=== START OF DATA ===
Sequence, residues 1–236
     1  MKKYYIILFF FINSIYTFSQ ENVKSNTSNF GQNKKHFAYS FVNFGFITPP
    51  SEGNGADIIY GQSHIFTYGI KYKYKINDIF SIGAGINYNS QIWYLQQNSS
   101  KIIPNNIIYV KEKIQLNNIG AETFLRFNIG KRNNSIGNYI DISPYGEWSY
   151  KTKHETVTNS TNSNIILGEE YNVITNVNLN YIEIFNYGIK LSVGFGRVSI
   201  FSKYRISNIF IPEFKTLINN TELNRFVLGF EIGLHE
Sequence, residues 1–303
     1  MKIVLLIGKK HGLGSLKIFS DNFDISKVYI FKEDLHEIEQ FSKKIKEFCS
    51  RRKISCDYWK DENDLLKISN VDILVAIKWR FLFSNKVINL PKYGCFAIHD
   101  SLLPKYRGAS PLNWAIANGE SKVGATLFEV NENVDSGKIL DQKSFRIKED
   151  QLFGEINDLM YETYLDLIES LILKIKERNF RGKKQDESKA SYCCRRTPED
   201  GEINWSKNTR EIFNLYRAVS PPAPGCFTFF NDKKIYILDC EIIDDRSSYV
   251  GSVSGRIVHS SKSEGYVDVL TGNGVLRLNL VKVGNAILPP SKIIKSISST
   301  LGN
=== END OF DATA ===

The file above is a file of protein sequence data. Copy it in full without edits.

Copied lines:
Sequence, residues 1–236
     1  MKKYYIILFF FINSIYTFSQ ENVKSNTSNF GQNKKHFAYS FVNFGFITPP
    51  SEGNGADIIY GQSHIFTYGI KYKYKINDIF SIGAGINYNS QIWYLQQNSS
   101  KIIPNNIIYV KEKIQLNNIG AETFLRFNIG KRNNSIGNYI DISPYGEWSY
   151  KTKHETVTNS TNSNIILGEE YNVITNVNLN YIEIFNYGIK LSVGFGRVSI
   201  FSKYRISNIF IPEFKTLINN TELNRFVLGF EIGLHE
Sequence, residues 1–303
     1  MKIVLLIGKK HGLGSLKIFS DNFDISKVYI FKEDLHEIEQ FSKKIKEFCS
    51  RRKISCDYWK DENDLLKISN VDILVAIKWR FLFSNKVINL PKYGCFAIHD
   101  SLLPKYRGAS PLNWAIANGE SKVGATLFEV NENVDSGKIL DQKSFRIKED
   151  QLFGEINDLM YETYLDLIES LILKIKERNF RGKKQDESKA SYCCRRTPED
   201  GEINWSKNTR EIFNLYRAVS PPAPGCFTFF NDKKIYILDC EIIDDRSSYV
   251  GSVSGRIVHS SKSEGYVDVL TGNGVLRLNL VKVGNAILPP SKIIKSISST
   301  LGN